String chunk;

  // zero the counters
  pc    = 0;
  mac   = 0;
  linux = 0;
  try {
    URL url = new URL(feed);  // An object to represent the URL
    // prepare a connection   
    URLConnection conn = url.openConnection(); 
    conn.connect(); // now connect to the Website

    // this is a bit of virtual plumbing as we connect
    // the data coming from the connection to a buffered
    // reader that reads the data one line at a time.
    BufferedReader in = new
      BufferedReader(new InputStreamReader(conn.getInputStream()));

    // read each line from the feed
    while ((data = in.readLine()) != null) {

      StringTokenizer st =
        new StringTokenizer(data,"\"<>,.()[] ");// break it down
      while (st.hasMoreTokens()) {
        // each chunk of data is made lowercase
        chunk= st.nextToken().toLowerCase() ;

        if (chunk.indexOf("pc") >= 0 ) // found "pc"?
          pc++;    // increment pc by 1
        if (chunk.indexOf("mac") >= 0)   // found "mac"?
          mac++;   // increment mac by 1
        if (chunk.indexOf("linux") >= 0) // found "linux"?
          linux++; // increment linux by 1

    // Set 64 to be the maximum number of references we care about.
    if (mac > 64)   mac = 64;
    if (pc > 64)    pc = 64;
    if (linux > 64) linux = 64;

    mac = mac * 4;     // multiply by 4 so that the max is 255,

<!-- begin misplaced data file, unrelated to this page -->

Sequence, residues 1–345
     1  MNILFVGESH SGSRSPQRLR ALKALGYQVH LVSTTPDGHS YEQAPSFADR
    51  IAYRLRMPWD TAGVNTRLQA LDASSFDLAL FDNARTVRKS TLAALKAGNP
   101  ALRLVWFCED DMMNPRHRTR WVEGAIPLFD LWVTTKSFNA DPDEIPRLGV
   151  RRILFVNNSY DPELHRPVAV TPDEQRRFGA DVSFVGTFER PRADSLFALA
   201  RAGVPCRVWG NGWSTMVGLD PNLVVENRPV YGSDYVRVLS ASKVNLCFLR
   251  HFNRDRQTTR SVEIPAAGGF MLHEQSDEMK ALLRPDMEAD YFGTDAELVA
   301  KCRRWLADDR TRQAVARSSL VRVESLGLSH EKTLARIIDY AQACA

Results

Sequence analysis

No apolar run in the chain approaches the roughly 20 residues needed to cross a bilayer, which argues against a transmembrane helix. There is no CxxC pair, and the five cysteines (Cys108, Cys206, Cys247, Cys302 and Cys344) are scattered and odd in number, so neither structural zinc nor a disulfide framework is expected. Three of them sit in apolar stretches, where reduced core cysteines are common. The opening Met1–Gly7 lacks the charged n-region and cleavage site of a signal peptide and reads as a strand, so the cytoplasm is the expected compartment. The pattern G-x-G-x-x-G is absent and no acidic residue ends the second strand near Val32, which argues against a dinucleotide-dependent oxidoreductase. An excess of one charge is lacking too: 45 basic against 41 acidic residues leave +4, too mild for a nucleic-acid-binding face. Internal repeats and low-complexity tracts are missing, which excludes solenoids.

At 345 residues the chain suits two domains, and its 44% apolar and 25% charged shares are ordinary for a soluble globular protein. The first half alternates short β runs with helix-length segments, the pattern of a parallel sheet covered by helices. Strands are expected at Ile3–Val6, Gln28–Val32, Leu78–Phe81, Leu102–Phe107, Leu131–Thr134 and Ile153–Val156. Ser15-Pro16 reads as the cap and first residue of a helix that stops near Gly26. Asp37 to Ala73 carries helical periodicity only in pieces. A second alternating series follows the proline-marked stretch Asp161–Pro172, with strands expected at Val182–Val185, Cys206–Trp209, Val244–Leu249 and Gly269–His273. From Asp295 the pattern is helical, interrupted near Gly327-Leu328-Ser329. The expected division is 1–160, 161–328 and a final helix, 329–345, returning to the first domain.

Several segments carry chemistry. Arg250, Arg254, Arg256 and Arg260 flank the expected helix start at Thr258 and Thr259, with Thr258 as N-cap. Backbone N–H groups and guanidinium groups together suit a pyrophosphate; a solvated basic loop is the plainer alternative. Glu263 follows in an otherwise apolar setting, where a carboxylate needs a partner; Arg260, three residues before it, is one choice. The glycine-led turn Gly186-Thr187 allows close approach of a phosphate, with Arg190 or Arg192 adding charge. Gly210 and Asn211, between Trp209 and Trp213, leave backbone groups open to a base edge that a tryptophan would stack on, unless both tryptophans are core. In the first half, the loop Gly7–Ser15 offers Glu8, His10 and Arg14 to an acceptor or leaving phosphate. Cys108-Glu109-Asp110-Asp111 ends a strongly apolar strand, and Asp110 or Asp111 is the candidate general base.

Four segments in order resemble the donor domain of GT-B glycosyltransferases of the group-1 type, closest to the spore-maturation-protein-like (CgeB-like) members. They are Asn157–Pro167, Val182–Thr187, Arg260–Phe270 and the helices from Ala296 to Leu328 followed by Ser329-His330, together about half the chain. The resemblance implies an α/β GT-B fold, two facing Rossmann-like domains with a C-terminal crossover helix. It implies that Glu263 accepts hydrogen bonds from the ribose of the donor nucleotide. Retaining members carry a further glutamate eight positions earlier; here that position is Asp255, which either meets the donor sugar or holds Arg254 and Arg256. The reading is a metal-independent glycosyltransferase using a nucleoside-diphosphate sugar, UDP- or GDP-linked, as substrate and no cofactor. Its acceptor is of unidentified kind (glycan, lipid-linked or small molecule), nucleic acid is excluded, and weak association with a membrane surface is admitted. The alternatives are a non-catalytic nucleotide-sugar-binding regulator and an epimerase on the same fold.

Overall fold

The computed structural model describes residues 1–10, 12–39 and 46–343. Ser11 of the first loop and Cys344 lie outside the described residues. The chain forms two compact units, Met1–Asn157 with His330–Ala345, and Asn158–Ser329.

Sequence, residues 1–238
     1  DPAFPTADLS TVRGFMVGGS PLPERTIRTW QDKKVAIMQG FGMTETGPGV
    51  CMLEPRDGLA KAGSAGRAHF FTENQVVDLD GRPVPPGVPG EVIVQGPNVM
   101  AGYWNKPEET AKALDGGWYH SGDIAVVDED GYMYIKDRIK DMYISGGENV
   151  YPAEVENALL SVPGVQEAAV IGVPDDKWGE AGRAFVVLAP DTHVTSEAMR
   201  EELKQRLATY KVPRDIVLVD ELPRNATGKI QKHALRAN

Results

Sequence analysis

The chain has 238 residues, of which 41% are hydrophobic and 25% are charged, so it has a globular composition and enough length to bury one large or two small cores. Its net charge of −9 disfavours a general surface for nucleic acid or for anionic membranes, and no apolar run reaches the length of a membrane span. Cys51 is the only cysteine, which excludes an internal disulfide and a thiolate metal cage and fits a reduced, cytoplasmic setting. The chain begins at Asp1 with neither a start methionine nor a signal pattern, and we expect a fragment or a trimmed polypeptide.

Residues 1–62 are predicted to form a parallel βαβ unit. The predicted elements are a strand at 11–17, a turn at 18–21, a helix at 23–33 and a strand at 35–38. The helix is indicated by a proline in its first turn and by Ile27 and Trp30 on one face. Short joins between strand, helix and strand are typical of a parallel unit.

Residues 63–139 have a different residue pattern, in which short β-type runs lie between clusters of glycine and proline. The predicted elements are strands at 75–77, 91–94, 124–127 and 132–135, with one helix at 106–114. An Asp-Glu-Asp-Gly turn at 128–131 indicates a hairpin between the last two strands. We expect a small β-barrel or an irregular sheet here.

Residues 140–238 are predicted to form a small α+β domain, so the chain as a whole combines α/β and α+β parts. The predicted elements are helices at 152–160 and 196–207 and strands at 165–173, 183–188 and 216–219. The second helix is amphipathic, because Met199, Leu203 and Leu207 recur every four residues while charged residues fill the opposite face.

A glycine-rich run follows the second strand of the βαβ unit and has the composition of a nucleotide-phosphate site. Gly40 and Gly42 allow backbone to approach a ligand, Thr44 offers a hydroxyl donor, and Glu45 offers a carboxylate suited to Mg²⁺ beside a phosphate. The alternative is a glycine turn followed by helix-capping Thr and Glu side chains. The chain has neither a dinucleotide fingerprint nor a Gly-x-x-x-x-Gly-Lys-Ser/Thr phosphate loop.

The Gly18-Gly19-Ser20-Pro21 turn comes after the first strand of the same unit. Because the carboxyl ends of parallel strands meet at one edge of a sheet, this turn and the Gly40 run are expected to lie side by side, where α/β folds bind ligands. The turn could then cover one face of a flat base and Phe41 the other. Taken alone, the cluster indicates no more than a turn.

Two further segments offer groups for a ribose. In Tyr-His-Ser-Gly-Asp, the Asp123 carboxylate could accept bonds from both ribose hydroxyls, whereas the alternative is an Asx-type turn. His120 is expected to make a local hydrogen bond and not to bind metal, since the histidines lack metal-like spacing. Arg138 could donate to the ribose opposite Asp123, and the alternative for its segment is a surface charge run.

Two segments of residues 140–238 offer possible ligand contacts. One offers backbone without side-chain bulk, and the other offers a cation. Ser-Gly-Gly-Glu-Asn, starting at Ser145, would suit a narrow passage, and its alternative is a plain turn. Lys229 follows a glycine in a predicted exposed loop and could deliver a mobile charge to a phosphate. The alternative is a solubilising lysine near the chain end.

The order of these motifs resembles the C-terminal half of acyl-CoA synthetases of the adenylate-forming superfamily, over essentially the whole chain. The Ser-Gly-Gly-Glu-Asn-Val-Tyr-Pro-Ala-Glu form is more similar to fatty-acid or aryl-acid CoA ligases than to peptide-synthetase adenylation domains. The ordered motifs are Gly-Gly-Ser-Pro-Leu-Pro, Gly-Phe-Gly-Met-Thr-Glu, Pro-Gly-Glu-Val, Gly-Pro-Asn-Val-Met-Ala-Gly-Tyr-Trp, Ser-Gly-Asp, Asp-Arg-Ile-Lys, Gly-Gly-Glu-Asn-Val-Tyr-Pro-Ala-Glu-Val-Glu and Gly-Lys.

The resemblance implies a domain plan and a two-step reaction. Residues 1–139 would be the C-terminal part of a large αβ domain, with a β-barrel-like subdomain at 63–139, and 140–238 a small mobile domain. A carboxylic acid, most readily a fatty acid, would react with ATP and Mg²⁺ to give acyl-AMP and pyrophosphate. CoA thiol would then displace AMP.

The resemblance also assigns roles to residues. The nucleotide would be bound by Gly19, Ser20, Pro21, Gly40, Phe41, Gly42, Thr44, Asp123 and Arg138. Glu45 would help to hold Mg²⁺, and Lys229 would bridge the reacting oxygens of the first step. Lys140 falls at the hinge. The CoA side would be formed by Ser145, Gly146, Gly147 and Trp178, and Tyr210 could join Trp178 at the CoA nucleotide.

pc = pc * 4;       // which comes in handy when building a
    linux = linux * 4; // colour that is made of 4 bytes (ARGB)
  catch (Exception ex) { // If there was an error, stop the sketch
    System.out.println("ERROR: "+ex.getMessage());


(links mangled due to spam protection)

Everything else is working just great, and this is an amazing example of the power of the Arduino, i am very glad it’s included in the book :slight_smile:

Copy and paste this example into an empty Processing sketch

Big no-no. Copying and pasting code you do not understand should not be done.

Instead, type the code, after first looking at each statement and understanding what it is doing, why it is being called, and what variables are being created or modified.

If you had done this, you would know what "key" words were being counted, and where in the code that was being done. You would know where the light level was being computed, and how and why.

Then, you would know where to add additional code to track the average light level.

Events are occurring at specific times. It is easy to determine how long it has been since the previous event. If you knew that, you could add the light level and duration to appropriate variables, and compute an average.

Key words are being located. You could keep track of how often they appear. The specific key words now being tracked (i.e. counted) are "pc", "mac" and "linux". The counters could be accumulated instead of discarded.

You haven't defined when you want to log this data. Is it every time the Arduino is sent data? Is it every hour? Once a day?

Processing has functions to create and write to files. Look at the Help + Reference data. There is a section called Output. That's what you want to do. Look at selectOutput and createWriter.

The reason i am c/ping code that i do not fully understand is because it is a means to an end, I am going to use the networked lamp as part of a school project, and i just wanted the ability to see how many times a particular word had been registered.

i've already been messing around with the code, changing various properties